Date of Award


Degree Type


Degree Name

Doctor of Philosophy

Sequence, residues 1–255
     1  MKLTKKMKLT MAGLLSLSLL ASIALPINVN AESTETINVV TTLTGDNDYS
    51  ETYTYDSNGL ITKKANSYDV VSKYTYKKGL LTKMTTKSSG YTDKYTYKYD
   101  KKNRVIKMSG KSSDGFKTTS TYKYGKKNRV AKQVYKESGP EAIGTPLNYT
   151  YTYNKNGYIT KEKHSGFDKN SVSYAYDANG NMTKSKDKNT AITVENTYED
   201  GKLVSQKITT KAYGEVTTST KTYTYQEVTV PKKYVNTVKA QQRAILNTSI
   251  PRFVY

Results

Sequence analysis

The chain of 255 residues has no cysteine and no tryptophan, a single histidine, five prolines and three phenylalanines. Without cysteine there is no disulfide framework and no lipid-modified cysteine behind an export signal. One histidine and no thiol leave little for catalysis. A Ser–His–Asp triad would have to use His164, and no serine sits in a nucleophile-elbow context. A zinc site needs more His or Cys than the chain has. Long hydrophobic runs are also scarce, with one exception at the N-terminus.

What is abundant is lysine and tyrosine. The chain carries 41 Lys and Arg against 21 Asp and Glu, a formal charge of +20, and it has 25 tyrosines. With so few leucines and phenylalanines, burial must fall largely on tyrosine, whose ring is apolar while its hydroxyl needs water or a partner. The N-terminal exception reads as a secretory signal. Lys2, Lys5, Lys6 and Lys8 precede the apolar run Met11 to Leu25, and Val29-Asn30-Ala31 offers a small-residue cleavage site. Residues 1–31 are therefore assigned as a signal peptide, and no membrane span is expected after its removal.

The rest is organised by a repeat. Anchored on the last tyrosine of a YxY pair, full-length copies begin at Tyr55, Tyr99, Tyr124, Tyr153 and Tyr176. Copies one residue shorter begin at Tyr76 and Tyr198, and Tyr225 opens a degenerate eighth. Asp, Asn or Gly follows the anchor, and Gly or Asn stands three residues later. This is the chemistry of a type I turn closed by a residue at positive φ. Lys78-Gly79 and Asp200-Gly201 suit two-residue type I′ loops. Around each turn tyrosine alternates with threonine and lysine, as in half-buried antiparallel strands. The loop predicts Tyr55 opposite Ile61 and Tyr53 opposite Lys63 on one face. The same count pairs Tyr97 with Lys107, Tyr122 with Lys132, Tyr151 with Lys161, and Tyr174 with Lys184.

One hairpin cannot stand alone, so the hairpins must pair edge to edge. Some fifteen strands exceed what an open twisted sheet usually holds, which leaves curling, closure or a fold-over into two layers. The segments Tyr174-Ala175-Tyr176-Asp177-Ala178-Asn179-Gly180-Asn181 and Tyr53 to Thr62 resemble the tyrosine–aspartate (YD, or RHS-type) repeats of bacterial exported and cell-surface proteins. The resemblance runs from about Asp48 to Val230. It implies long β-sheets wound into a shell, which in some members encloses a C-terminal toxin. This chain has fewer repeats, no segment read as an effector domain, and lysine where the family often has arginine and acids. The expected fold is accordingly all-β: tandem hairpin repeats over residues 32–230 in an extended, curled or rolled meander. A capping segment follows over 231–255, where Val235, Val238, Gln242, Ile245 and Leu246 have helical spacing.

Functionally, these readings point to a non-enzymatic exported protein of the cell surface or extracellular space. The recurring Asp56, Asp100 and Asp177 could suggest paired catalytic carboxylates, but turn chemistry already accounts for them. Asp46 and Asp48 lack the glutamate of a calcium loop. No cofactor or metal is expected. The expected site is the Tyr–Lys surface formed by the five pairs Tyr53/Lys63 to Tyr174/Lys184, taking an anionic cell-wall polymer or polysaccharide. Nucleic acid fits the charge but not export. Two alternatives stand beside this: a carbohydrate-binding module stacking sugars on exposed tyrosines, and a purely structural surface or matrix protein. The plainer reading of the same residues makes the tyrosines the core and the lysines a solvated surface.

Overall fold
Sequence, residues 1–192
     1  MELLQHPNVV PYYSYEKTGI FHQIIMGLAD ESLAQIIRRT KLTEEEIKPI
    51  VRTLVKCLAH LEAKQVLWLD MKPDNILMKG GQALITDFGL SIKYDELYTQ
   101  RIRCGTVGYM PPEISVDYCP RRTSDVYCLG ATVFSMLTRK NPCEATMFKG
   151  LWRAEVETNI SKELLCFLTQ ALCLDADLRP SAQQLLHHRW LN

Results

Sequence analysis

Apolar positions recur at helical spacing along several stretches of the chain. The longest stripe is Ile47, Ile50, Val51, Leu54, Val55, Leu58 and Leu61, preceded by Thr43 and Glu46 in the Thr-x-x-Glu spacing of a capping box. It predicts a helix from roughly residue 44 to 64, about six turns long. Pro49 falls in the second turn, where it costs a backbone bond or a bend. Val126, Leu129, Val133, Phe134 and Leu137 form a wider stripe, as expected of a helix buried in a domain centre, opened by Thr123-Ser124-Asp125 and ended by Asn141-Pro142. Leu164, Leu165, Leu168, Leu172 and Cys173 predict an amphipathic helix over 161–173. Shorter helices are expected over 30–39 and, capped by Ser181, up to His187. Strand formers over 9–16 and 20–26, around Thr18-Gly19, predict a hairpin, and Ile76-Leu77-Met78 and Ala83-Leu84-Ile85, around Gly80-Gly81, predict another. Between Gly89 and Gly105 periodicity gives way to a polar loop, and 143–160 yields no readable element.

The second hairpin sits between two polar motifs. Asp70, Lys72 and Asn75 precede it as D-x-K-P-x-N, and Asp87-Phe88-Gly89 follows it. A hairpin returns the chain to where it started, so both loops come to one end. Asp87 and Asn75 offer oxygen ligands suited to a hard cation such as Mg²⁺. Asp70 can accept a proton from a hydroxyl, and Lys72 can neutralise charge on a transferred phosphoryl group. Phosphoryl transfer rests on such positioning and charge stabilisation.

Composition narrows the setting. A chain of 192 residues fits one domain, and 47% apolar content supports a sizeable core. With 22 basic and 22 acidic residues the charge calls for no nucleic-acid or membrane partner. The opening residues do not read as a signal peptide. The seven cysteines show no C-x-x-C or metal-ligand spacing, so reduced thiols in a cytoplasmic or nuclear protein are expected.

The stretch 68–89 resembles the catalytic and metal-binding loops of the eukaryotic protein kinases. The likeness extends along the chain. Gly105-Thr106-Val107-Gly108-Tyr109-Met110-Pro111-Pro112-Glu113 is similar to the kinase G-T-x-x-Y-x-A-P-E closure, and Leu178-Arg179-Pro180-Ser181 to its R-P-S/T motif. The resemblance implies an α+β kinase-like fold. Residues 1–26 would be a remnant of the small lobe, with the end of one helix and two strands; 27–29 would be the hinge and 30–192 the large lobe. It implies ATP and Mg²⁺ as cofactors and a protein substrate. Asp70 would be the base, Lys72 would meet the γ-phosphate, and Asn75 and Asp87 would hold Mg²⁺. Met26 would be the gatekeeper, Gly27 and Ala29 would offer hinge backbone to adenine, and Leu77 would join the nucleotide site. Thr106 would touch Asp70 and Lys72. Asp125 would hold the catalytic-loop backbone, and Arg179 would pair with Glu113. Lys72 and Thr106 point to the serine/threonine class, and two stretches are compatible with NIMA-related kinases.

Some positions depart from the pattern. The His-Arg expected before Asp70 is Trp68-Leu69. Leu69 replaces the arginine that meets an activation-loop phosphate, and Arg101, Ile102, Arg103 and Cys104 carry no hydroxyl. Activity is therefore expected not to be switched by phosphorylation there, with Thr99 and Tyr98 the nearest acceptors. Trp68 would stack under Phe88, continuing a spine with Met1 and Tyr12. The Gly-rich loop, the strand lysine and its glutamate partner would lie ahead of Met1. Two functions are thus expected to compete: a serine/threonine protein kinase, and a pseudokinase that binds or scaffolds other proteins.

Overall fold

Traditional models of international trade theory typically assume that factors of production are in fixed supply. The objective of the thesis is to examine the effects upon a number of well-known comparative statics results when the levels of supply of some factors of production are allowed to adjust endogenously. A dual trade model is used to incorporate endogenous factor supply into a general m-good, n-factor trade model, to allow for as general an analysis as possible. The traditional assumptions of constant returns to scale in production and perfect competition in all markets are retained so as to concentrate on the effects of variable factor supply. It is assumed that there exists a single representative consumer who owns all factors of production and has preferences over produced goods and some of the factors of production. The effects of an exogenous world price shock on output supply, output demand, and net exports in a small open economy where some factors are endogenously supplied are derived and compared to the comparable effects in an economy where all factor supplies are fixed. Conditions are found under which the effects of a world price shock on output supply, output demand, and net exports are magnified when some factors are endogenously supplied. The effect of variable factor supply on the probability of factor price equalization is described. The effect of an output price shock on input prices, and of an endowment change on output supplies, is examined when factor supplies are variable. The model is modified to incorporate the presence of trade and factor taxes. Conditions are described under which a given trade tax change has a larger welfare effect in a small open economy when factor supplies are variable. When some factors are taxed, variable factor supply is sufficient to imply the existence of optimal second-best trade taxes in a small open economy. All theoretical results are repeated using a simple numerical general equilibrium model, to illustrate quantitatively how the results of the comparative statics experiments change as factor supply elasticities varies.



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